Caesar was elected consul in 60 B.C. He proposed laws that would gain the triumvirate even more power. When these laws were opposed, Crassus and Caesar resorted to violence and intimidation in order to get them passed. After a short time, the First Triumvirate began to crumble. Crassus was killed in battle in 53 B.C. Caesar, after his term as consul ended, was given a governorship of the area of southern France. Unheeding the word of the senate, Caesar raised his own army and led a path of conquest throughout all of Gaul.

After 8 years Julius Caesar returned. The senate was afraid that he might march on Rome with his loyal army. The senate’s fears proved correct. Pompey could not organize a counter offensive in time to save Rome, so he was forced to flee. Caesar marched into the city and appointed himself dictator. While the senate still existed, it was practically powerless against Caesar’s commands.

Desperate politicians Brutus and Cassius plotted against Julius and eventually killed him, stabbing him in the back on March 15, 44 B.C. The conspirators believed that the senate would regain control of Rome. However, strong generals Mark Antony and Marcus Lepidus unofficially established their power by intimidation through their armies. In the ensuing years the Second Triumvirate was formed. This consisted of Mark Antony, Lepidus, and Julius Caesar’s nephew Octavian, who had demanded a position in the senate after Julius’ death. The three men swept the senate with terror, killing Cicero, who was the greatest supporter of the republic.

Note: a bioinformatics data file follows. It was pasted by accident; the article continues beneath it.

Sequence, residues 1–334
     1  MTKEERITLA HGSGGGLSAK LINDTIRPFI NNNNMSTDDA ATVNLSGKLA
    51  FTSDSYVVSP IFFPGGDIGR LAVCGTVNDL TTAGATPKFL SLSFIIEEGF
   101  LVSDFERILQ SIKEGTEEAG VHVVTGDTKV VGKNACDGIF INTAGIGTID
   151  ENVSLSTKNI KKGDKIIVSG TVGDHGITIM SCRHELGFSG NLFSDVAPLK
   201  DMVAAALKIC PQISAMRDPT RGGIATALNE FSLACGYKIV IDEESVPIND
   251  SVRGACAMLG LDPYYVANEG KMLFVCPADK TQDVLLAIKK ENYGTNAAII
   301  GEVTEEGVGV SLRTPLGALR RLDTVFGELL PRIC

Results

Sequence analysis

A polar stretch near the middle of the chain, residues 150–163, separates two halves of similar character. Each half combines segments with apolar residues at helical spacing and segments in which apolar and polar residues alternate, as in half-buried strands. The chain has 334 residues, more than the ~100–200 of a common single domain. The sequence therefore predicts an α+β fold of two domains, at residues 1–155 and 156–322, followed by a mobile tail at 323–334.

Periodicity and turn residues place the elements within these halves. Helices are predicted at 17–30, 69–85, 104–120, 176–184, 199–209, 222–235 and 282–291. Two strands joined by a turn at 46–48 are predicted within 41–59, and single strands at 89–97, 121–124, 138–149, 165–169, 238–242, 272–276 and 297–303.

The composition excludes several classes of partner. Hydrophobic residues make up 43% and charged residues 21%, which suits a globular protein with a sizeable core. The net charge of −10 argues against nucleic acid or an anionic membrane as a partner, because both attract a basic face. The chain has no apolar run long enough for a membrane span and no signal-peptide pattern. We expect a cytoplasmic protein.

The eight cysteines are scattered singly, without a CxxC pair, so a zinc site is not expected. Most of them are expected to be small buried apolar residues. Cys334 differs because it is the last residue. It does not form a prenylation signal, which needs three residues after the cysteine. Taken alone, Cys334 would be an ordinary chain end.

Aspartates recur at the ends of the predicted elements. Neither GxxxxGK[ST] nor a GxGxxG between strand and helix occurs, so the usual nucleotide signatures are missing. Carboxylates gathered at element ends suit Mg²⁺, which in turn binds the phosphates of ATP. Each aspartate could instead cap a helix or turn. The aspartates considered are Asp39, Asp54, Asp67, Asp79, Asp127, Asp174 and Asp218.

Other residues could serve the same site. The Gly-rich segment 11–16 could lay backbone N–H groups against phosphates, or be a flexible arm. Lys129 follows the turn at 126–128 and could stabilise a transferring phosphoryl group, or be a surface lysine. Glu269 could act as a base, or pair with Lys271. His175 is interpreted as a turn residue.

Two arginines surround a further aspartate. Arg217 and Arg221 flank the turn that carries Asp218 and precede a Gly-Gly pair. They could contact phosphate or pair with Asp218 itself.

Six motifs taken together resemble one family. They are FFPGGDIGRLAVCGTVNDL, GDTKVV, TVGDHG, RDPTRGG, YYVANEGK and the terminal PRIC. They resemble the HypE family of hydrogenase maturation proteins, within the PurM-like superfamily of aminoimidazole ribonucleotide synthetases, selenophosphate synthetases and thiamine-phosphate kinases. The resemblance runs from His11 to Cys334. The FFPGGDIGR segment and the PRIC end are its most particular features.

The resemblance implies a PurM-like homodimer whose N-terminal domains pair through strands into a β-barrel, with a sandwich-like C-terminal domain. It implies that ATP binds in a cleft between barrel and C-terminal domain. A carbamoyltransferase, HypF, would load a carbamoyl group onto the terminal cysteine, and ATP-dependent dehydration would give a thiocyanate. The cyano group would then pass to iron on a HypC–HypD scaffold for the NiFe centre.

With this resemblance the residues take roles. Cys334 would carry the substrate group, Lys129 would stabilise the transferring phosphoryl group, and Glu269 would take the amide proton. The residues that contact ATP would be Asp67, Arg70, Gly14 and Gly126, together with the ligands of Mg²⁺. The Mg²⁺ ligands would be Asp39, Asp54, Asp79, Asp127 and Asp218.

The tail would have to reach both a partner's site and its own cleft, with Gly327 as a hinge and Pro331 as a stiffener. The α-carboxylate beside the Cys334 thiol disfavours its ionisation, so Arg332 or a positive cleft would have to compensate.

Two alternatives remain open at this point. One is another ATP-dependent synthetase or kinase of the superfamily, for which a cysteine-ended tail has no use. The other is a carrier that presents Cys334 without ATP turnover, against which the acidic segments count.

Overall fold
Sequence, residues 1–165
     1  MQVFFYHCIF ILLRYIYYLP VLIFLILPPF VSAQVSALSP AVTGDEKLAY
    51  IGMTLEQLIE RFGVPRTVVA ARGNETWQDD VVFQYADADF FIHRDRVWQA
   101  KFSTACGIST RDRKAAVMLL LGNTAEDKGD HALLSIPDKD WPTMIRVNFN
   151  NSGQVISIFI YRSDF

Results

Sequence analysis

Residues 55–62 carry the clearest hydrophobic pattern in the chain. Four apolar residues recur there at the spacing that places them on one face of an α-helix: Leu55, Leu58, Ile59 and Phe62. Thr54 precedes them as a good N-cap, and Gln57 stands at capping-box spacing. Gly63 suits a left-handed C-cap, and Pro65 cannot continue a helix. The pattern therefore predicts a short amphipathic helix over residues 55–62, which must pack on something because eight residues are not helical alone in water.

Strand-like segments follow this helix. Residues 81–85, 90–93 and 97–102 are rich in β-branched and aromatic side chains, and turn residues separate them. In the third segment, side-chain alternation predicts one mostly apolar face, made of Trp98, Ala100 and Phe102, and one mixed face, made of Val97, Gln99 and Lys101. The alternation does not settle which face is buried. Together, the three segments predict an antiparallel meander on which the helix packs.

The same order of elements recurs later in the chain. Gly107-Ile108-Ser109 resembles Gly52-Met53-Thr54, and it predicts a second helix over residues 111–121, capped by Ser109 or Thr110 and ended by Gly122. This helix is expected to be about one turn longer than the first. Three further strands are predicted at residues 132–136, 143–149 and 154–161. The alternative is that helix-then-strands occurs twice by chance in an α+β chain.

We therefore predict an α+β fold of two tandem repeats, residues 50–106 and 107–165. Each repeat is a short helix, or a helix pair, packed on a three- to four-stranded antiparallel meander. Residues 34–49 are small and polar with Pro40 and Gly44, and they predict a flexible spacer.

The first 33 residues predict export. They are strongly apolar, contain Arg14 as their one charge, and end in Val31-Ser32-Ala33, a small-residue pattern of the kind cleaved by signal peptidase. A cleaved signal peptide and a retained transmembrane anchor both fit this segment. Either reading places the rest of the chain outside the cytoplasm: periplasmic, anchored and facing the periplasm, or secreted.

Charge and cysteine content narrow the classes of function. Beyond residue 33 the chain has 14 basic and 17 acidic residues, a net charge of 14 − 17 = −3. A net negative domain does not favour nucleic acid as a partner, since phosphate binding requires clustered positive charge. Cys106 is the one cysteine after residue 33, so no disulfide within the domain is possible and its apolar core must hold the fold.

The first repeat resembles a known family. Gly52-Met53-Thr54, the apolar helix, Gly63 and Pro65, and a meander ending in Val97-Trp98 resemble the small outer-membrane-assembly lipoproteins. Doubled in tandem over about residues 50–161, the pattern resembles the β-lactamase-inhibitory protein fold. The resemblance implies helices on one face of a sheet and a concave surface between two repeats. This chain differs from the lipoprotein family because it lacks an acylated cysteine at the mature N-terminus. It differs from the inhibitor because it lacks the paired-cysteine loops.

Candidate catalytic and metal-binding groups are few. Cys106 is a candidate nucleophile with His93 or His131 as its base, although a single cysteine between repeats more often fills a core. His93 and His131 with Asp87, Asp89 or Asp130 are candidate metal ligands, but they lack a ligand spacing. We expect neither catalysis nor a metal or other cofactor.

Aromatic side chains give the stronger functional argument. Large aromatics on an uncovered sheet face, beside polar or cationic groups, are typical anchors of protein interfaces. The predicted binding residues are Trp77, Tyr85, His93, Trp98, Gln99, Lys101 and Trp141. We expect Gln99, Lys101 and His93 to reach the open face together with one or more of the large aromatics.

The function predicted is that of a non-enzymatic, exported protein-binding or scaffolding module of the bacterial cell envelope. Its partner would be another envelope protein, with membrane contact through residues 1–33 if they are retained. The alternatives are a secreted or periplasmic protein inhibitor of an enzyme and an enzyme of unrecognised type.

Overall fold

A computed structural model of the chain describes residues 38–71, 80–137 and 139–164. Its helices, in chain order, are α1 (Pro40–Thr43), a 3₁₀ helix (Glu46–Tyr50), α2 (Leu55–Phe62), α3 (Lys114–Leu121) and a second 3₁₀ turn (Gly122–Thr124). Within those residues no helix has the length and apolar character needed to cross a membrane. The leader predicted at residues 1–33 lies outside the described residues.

Brutus and Cassius retaliated by raising an army against the triumvirs. However, Antony met their army and, after fierce fighting, defeated it. Brutus and Cassius killed themselves after viewing their defeat.

Now, Antony and Octavian received no more opposition from the senate and were supreme rulers. They were powerful enough that they didn’t need Lepidus anymore, so they betrayed him by knocking him out of their alliance. Antony took control over Eastern Rome, while Octavian controlled Western Rome. After a few years, in 36 B.C. Octavian, needing an excuse to wage war on Antony, accused him of being disloyal to Rome by becoming involved with Cleopatra of Egypt. Octavian attacked Eastern Rome and defeated Antony. Octavian, who had changed his name to Augustus, was finally supreme ruler over Rome.

The republic had died. While the senate still existed, it had little say in government matters and could certainly not challenge the word of the emperor. Ten Caesars came after Augustus to rule over Rome. Despite the crippling of the Republic, Rome continued to prosper and expand for several centuries until its eventual decline.